Writing about art is an art in itself. I join in with the cliché, ‘I don’t know much about art but I know what I like.’
For years I assumed that it’s in the seeing that believing comes. Now I feel it’s become the other way round, as in religion where believing affects the seeing, perhaps. The media critics are the priests of the arts and they have the power to turn art into an illustration for their text. Has modern art joined forces with the literary movement? To get the right understanding, must I first read about the artist and what it is I am staring at?
How dare I put forth the notion that modern art has trouble standing upright without an explanation next to it? Is it more complex than that? As the collective consciousness grows and evolves, we too develop and evolve and art plays a function in mirroring this.
While we drop what’s unnecessary, release old, well-worn ideas, hone down the elaborate, streamline and smooth off towards less-is-more imagery, is there a place still for the detailed and realistic art that does not require explanations? Even recording epic events in paintings is no longer vitally important, for we have the smart phone to capture this.
Then where are we heading? Like weather predictions, none of us really knows what to expect from the future. But because we aren’t comfortable in the not knowing – we have allowed the rise of a myriad of ‘experts’ who inform and direct us to ‘believe’ in the latest trends and what is deemed worthy and unworthy. Are the beneficiaries of these predictions related to a financial set-up already agreed with an established gallery?
Looking at the newest, most innovative creations emerging from inside art colleges should be exciting, uplifting and thought provoking. Great Britain won its greatness not only for penetrating the globe with colonisation but also for its edgy artists, writers, designers and musicians. Years of studying, exploring and experimenting in the colleges were meant to nurture the imagination to flourish in nourishing soil. But has the consensus become so loud and so influential that the art being produced today is a weak response from nervous students, many of whom have had to borrow heavily for financial support to study?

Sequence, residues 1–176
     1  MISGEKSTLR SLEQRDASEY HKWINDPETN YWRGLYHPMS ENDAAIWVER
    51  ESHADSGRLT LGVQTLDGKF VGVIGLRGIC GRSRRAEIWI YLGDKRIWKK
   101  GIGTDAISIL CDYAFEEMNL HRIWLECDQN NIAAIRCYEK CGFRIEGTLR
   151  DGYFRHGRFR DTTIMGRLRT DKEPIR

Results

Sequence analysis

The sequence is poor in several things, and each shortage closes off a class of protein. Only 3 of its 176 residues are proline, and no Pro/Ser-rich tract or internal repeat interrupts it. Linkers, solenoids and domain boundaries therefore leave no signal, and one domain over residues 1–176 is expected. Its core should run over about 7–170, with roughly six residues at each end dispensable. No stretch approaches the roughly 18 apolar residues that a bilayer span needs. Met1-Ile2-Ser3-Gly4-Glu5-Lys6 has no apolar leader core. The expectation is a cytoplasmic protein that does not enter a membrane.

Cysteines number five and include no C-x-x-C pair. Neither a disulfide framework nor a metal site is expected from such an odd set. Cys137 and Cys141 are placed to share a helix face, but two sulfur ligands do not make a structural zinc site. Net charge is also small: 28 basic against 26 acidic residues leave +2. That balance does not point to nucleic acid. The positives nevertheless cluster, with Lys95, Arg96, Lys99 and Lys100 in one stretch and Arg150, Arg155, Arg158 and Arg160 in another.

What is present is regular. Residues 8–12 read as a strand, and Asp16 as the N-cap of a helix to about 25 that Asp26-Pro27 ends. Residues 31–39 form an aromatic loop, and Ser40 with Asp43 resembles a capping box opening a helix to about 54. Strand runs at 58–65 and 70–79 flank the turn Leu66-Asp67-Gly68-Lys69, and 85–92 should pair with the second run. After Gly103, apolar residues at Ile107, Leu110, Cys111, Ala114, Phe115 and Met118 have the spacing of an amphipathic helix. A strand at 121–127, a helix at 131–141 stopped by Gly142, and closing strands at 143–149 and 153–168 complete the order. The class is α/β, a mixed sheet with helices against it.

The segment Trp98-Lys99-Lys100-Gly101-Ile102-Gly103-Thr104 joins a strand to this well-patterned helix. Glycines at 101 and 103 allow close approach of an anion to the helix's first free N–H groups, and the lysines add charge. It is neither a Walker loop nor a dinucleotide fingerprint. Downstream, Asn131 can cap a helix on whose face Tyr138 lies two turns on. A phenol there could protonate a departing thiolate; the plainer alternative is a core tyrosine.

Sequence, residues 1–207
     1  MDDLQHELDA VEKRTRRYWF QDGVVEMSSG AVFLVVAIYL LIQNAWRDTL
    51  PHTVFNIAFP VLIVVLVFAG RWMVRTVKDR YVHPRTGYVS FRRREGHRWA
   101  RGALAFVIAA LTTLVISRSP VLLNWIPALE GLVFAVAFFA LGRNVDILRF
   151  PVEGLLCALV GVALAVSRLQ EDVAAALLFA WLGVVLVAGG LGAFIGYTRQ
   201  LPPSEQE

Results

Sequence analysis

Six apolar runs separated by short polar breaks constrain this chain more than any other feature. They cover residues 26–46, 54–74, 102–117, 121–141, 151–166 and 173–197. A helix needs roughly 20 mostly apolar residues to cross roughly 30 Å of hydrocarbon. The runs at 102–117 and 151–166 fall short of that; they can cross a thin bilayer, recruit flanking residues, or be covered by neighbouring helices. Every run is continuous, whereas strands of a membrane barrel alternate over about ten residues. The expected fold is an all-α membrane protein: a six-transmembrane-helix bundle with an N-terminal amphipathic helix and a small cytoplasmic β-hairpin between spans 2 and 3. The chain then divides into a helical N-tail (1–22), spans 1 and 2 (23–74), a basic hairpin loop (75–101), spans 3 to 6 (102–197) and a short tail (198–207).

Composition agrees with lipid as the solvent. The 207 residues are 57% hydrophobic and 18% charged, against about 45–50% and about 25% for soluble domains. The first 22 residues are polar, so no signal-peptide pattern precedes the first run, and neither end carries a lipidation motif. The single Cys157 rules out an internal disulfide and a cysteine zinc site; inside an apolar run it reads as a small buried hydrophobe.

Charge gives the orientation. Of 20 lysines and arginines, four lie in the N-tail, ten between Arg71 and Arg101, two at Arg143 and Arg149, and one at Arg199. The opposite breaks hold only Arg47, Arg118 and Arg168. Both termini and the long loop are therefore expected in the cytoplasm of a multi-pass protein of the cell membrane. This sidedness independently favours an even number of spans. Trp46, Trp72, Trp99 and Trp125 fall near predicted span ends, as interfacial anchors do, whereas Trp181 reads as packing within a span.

Degree shows often reflect this restriction in what should be the blossoming of new ideas. Instead, like badly grown seedlings struggling in weak soil, exhibitions show creations that are diluted forms from yesteryear, installations accompanied with scraps of paper explaining something that could resemble the contents of the artist’s waste bin.
How difficult is it for the newly forming artists to puncture the accepted already-done art? And is it ever possible to do this? Consider Solomon’s famous dictum:
“There’s nothing new under the sun. What has been will be again, what has been done will be done again; there is nothing new under the sun.”
This is often used as a world-weary complaint about life’s monotony. When Solomon wrote the statement, he was emphasising the cyclic nature of human life on earth and the emptiness of living only for the ‘rat race’.
Our ability to express something beyond what has already been created is perhaps an impossible task. Instead, art must keep evolving in its repetition of what has already been, but with the creator’s own signature to make it different. Maybe all that is lacking today is the confidence to go against the consensus by expressing the imagination without needing validation?
The struggling artist determined to reject commercial viability, despite not being able to afford this independence of expression, is obliged to continue the ‘starving artist in the garret’ cycle until they are ‘discovered’ and given recognition. But then, doesn’t the neat packaging from the critics’ acceptance appear?
When Miles Davis stopped mimicking his heroes and waiting for approval from the critics he said, “Man, sometimes it takes you a long time to sound like yourself. Don’t play what’s there; play what’s not there.”
Perhaps what needs to be addressed first, before any attempt to create, is how to gain confidence in the self’s desire to express the imagination. Sadly, this often doesn’t arise until becoming financially comfortable.
Volume 34 no 3 January – February p 22 -23
(Sea Warrior is the preferred pseudonym of one of Penzance writers’ group)